Sampling procedure

Each sample should be collected by picking just one feather and 3-4 downs from a bird's rear back, and these should be put into an envelope (that will be supplied), marked with sample number, species, place, and name of collector. Feathers should be plucked out, not cut off, which will prompt the early replacement of the feathers, and the small amount of blood in the quill can be also used to extract DNA. The following information should be registered separately (on a list that will be supplied): name and address of collector, sample number, ring number (if the bird is ringed), date, name and coordinates of the location, age or category of the bird (juvenile, nest seeker, breeder), and a short description of the circumstances (e.g. nest in building, nest box in tree, netted close to colony, etc). The envelopes can be kept in room temperature until they are mailed to us. Optimally, we would be grateful to receive samples from five birds of each category at each location (15 samples per location) in Europe. In case you cannot achieve this goal, any less complete collection of samples will be welcomed and appreciated.

 We hope you want to participate as a feather collector! In case you have questions, please don't hesitate to ask. As a first step, please confirm your interest to participate by sending your name, address, telephone number, and e-mail address (in case you have one) to Susanne Åkesson, at the mail or e-mail address below. Please let us know if you also can help us with blood samples; we intend also to perform DNA-analyses. In good time before the coming breeding season, we will send you feather envelopes and lists for registration of the samples.

 A warm THANK YOU for your help in collecting swift feathers! You will be kept informed about the progress of the project, and you will be gratefully mentioned in the publications produced within the project.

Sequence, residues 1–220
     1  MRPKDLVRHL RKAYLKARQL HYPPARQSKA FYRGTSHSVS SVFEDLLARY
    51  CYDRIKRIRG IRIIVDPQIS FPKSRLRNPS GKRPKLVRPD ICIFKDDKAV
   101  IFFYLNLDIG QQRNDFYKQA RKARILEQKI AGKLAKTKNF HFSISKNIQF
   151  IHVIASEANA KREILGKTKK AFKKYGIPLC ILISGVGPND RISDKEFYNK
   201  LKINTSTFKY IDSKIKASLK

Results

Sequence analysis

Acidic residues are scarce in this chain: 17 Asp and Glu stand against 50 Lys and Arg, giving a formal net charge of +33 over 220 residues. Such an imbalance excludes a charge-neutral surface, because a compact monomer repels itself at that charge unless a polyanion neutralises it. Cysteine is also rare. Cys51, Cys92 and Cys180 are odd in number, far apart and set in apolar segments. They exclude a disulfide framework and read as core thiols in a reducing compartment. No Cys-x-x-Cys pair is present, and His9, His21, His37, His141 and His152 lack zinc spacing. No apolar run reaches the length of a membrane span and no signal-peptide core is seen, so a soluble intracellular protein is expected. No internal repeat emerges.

With best regards,


Susanne Åkesson, Department of Animal Ecology, Lund University, Ecology Building, SE-223 62 Lund, Sweden, Tel: +46 46 222 3614, Fax: +46 46 222 4716, E-mail:, Bird Migration Ecology homepage: .

 Jan Holmgren, Rödhakevägen 23, SE-274 33 Skurup, Sweden, Tel: +46 411 42093, E-mail: .


Bensch, S., Andersson, T. & Åkesson, S. 1999. Morphological and molecular variation across a migratory divide in willow warblers, Phylloscopus trochilus. Evolution 53:1925-1935.

 Chamberlain, C.P., Bensch, S., Feng, X., Åkesson, S., & Andersson, T. 2000. Stable isotopes examined across a migratory divide in Scandinavian willow warblers (Phylloscopus trochilus trochilus and Phylloscopus trochilus acredula) reflect their African winter quarters. Proc. R. Soc. Lond. B 267:43-48.

 Chamberlain, C.P., Blum, J.D., Holmes, R.T., Feng, X., Sherry, T.W. & Graves, G.R. 1997. The use of isotope tracers for identifying populations of migratory birds. Oecologica 109: 132-141.

 Chantler, P. & Driessens, G. 1995. Swifts: A Guide to the Swifts and Treeswifts of the World. Pica Press.

 De Roo, A. 1966. Age-characteristics in adult and subadult swifts, Apus a. apus (L.), based on interrupted and delayed wing-moult. Gerfaut 56:113-131.

 Hedenström, A. & Pettersson, J. 1987. Migration routes and wintering areas of willow warblers Phylloscopus trochilus (L.) ringed in Fennoscandia. Ornis Fennica 45:1-7.

 Hobson, K.A. & Wassenaar, L.I. 1997. Linking breeding and wintering grounds of neotropical migrant songbirds using stable hydrogen isotopic analysis of feathers. Oecologica 109:142-148.

 Kaiser, E. 1992. Population dynamics in a colony of common swifts Apus apus with special reference to nonbreeding birds. Vogelwelt 113:71-81.

 Perrins, C. 1971. Age of first breeding and adult survival rates in the Swift. Bird Study 18:61-70.